Trust & Numbers: Part 1

Anjie Rosga
5 min readSep 12, 2019


This series of posts are based on a talk I delivered at Evaluation 2018 — a conference for evaluators and those supporting social sector organizations in understanding their work.

The series circles around four key terms: Trust, Power, Objectivity, and Truth. I’ll discuss some ways that numbers can function, first, as stand-ins for trust, second, as especially powerful ways to communicate evaluative findings and, third, as a means of representing a kind of disinterested, disembodied, god’s-eye view of objective truth. I’ll end the series on a note about love.

As I work my way through, I’d like you to keep four claims — or maxims — in mind:

It is important to speak truth to power.

Neither truth, nor power, is singular.

But some things are truer than others.

To speak truth(s) to power(s) in credible, persuasive ways, we must cultivate trust.

Before we dig into some of this more abstract territory in my next post for this series, I’ll begin with something more personal, and very much more embodied: a story about my brother Scott.

Scott was born unexpectedly early, 6 weeks premature, and weighing only two pounds. This was back when advanced NICU’s were, well, less advanced. It’s a lot more common now for preemies to survive. But then? It was miraculous he lived. Unfortunately, his survival came at the cost of severe neurological damage.

Scott had cerebral palsy and hydrocephalus, a condition in which the fluid that normally protects the brain and spinal column, instead builds up inside the skull, generating painful and damaging pressure on the brain. To relieve this pressure, neurosurgeons installed a series of silicone shunts, or artificial valves, to move the fluid out of Scott’s head and into his abdomen.

Scott’s brain damage meant he couldn’t speak. He couldn’t get himself into a sitting position, though he could eventually hold himself up seated. He spent his days lying on a big pink blanket surrounded by toys and the sheets of newspaper, which he used to love to crinkle up in front of his face, giving himself an adorably ink-stained nose. Inevitably, after a few months, each shunt would fail, leading to increasingly frequent and severe seizures. As the painful pressure in his head built up, he would roll himself around the floor seeking out furniture to bang his head against.

Our mother threw herself into his full-time care. She taught my sister and me that Scott’s disabilities were just another form of human diversity. “Everyone has at least a little something that makes them ‘disabled,’” she’d say. “Just look at all the people who need glasses to fix their vision.”

One day, my mom took my brother for an eye exam and came home with a story that for many years shaped my understanding of my brother’s consciousness.

“You’ll never guess what happened,” she said. “The eye doctor said Scott is legally blind. Just as the doctor said that, Scott reached out and pulled the doctor’s glasses right off his face!”

And with this apocryphal tale, I came to believe my brother, far from being the profoundly brain damaged child who could do almost nothing for himself, was a kind of idiot savant. My heart swelled with pride in this brother of mine. Not only is he smarter than the doctor, I thought, but he had deeply cloaked super powers. Scott pulling the glasses from this doctor’s face seemed like the very definition of speaking non-verbal truth to power. Without uttering a word, my brother had not only proved the doctor wrong by showing that he could in fact see, but he had demonstrated the truth my mother spoke of: that disabilities are just a facet of human diversity.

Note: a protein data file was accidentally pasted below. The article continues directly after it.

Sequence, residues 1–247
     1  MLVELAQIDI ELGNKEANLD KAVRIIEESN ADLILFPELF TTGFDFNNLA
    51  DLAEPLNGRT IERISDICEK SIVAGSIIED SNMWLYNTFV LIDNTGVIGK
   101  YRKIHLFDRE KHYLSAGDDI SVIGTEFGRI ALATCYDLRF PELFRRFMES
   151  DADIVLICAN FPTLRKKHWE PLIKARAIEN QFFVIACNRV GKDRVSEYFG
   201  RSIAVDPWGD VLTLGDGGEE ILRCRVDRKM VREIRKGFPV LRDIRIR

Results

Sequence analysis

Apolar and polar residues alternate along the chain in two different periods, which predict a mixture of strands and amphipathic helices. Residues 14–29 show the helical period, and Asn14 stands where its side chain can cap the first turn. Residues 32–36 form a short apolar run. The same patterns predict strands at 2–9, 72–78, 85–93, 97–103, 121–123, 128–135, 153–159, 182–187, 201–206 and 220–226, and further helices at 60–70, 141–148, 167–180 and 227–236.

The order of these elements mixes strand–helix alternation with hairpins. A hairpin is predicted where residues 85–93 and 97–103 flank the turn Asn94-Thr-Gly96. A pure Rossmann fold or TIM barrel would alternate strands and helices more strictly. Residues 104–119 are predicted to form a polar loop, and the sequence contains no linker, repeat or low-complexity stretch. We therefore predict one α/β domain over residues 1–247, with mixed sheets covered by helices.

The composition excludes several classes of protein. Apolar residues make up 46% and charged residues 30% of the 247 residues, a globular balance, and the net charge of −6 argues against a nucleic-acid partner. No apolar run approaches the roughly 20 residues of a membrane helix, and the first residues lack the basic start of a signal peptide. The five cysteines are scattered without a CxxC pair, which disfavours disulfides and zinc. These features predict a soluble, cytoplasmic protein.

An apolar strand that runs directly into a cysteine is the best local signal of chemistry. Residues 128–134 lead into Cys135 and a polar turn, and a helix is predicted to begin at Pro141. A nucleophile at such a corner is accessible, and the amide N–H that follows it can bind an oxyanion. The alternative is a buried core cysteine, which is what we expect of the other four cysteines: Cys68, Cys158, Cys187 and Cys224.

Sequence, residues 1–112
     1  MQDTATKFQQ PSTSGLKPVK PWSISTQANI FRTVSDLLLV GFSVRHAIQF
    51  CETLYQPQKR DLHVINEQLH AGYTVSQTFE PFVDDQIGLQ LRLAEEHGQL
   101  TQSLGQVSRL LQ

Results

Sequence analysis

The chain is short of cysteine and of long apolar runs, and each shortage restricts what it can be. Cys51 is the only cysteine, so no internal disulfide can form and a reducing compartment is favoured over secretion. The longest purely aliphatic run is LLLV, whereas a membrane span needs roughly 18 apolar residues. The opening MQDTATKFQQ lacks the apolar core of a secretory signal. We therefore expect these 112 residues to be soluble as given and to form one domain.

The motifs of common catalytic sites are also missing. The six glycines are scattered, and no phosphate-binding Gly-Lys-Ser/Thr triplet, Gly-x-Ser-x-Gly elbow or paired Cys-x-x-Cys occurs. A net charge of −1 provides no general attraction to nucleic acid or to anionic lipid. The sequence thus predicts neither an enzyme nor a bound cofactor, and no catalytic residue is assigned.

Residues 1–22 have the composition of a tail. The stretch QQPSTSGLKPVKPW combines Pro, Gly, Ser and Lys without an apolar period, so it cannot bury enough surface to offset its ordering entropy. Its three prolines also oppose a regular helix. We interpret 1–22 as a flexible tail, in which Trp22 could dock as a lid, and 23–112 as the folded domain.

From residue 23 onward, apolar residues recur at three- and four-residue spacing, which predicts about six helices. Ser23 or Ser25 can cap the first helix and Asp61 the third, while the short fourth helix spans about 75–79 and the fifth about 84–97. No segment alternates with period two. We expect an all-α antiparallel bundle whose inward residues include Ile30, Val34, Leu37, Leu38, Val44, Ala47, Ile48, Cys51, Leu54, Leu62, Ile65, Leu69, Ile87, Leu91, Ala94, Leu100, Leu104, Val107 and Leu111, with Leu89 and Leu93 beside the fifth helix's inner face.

At the time, no one in my family understood the distinction between blind-as-a-bat-blind, and “legally blind.” The doctor calling my brother “legally blind” was clearly mistaken or, worse, he was just lying. Much later, I learned that legal blindness is defined not by a total lack of vision, but by a number: 20/200.

If this is an eye chart as seen by someone with perfect 20/20 eyesight:

Then someone with legal blindness actually sees the eye chart like this:

What is the interpretive work that moves us from the numbers 20/200, to these images to, to the concept “legally blind”? That interpretive work is invisible.

Scott had his 13th and final surgery at age four; he lived another three years after that. I was 12 years old when he died. My sister was eight.

These numbers are facts. They can be documented. They are not in dispute. There is an agreed upon meaning for these numbers; they signify how many, how long. How many surgeries? How long a life? One source of the power of numbers is that they can mean the same thing to different people — regardless of language, geography, or culture. Their very abstractness makes numbers transferable. Numbers make the interpretation, discretion, and judgment behind them disappear: numbers are powerful in part because they render invisible the human choices that create them.

Numbers shield us from the perceived the illegitimacy of “mere anecdotes.” Yet, many of us still harbor doubts about the ability of numbers to represent the truth; hence this quote from Benjamin Disraeli, popularized by Mark Twain: “There are lies, damn lies, and statistics.”

I want to reassure those of us who’ve survived the tired quantitative vs. qualitative debates: this is not a screed against statistics. Rather these posts are a meditation on the role of trust and relationships in determining what gets to count as credible evidence in the field of evaluation. What gets to count as valid and reliable knowledge? Who gets to count as a credible purveyor of valid knowledge? And, for whom is evaluative knowledge valuable? In what ways?

In Part 2 of this series: How we came to trust numbers.